Failure to Act: Closing the Infrastructure Investment Gap for America's Economic Future, 2016

For the American Society of Civil Engineers (ASCE), EBP (formerly EDR Group) completed an update to their 2011-2012 "Failure to Act" studies on America's aging infrastructure.

Every four years, the American Society of Civil Engineers (ASCE) grades the current state of U.S. infrastructure on a scale of A through F, and since 1998, America’s infrastructure has earned persistent D averages. As investment gaps continued, ASCE looked to EBP to answer a key question: how does the nation’s failure to act to improve the condition of U.S. infrastructure systems affect the nation’s economic performance?

EBP developed ASCE’s Failure to Act economic report series, assessing the economic consequences of continued underinvestment in surface transportation, water and wastewater, electricity, airports, inland waterways, and marine ports infrastructure. First released in 2011 and 2012, the findings have been updated in the most recent May 2016 release entitled "Failure to Act: Closing the Infrastructure Investment Gap for America’s Economic Future."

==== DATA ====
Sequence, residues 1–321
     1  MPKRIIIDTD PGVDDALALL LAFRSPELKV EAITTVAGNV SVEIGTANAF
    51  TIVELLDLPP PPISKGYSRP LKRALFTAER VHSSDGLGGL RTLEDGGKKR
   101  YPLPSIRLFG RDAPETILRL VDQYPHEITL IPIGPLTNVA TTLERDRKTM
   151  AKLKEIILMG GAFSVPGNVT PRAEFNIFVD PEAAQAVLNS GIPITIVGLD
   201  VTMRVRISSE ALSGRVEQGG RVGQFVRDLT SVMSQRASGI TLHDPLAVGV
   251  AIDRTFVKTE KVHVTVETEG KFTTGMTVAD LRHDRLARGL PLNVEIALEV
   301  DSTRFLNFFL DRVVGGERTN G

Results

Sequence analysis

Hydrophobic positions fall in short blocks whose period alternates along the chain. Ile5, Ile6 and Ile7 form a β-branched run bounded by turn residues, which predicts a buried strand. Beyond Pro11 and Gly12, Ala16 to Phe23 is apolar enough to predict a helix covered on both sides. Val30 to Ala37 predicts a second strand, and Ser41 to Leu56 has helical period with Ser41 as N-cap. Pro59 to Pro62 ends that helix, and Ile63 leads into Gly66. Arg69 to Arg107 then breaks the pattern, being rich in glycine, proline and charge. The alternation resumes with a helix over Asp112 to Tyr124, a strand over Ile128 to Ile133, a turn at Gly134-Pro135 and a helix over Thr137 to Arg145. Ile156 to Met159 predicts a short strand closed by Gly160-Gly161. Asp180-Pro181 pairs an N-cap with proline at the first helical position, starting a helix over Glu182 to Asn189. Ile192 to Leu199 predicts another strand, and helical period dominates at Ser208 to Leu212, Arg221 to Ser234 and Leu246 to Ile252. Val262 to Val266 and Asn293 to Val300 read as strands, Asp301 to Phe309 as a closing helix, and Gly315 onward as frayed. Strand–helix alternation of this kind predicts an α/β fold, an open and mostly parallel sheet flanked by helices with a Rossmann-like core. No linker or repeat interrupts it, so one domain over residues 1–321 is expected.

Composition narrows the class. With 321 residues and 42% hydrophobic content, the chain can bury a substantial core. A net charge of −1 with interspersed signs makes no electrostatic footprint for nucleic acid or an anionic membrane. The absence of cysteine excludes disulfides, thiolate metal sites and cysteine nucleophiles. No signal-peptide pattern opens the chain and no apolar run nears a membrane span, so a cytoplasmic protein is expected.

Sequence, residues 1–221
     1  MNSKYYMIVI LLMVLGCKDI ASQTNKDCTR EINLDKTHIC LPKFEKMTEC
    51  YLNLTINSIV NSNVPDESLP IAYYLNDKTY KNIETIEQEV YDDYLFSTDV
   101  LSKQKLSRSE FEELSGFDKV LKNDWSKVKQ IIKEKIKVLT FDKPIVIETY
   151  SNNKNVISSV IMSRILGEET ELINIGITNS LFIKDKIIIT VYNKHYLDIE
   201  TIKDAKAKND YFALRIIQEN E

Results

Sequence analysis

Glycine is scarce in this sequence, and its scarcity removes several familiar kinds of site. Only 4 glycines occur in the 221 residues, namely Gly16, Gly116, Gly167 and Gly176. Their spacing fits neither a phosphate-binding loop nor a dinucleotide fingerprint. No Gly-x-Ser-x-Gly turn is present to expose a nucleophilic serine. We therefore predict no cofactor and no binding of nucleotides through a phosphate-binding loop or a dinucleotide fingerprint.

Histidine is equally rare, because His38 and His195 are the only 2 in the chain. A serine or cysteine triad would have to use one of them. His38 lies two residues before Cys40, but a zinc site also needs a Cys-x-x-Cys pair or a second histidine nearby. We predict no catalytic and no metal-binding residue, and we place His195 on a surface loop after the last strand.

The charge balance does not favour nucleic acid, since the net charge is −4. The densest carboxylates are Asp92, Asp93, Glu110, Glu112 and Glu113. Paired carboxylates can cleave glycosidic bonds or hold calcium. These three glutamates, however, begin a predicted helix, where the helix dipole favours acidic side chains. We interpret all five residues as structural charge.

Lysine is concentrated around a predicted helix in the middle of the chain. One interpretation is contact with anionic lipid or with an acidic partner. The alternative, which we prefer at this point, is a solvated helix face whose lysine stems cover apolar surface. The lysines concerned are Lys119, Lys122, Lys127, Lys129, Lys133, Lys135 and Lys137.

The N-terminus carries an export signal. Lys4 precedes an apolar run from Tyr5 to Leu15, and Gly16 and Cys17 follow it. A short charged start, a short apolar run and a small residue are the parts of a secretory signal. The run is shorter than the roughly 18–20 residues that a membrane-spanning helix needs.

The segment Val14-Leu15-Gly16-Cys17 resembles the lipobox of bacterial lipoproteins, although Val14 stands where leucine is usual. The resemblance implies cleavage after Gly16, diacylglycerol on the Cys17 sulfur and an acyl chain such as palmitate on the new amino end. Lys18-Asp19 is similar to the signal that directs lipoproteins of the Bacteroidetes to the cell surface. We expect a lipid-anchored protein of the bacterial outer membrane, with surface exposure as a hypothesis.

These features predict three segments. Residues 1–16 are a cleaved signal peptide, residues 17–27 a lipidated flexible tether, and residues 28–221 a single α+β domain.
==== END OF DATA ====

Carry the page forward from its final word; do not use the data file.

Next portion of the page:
The 2016 findings estimate that continued underinvestment in infrastructure will cost each U.S. family $3,400 a year over the next decade. Moreover, if the investment gap is not addressed by 2025, the economy is at risk for losing almost $4 trillion in GDP, resulting in a loss of 2.5 million jobs in 2025. The 2016 Failure to Act analysis indicates that the overall infrastructure gap has grown relative to the initial reports. Surface transportation, in particular, has seen a worsening investment gap, while investment in water and electricity infrastructure nationally has actually succeeded in closing the forecast gap somewhat since 2011-2012.

The Failure to Act Series relies on EBP’s experience integrating system performance, financial and economic data, and modeling to identify the broader implications of infrastructure investment decision-making for national competitiveness.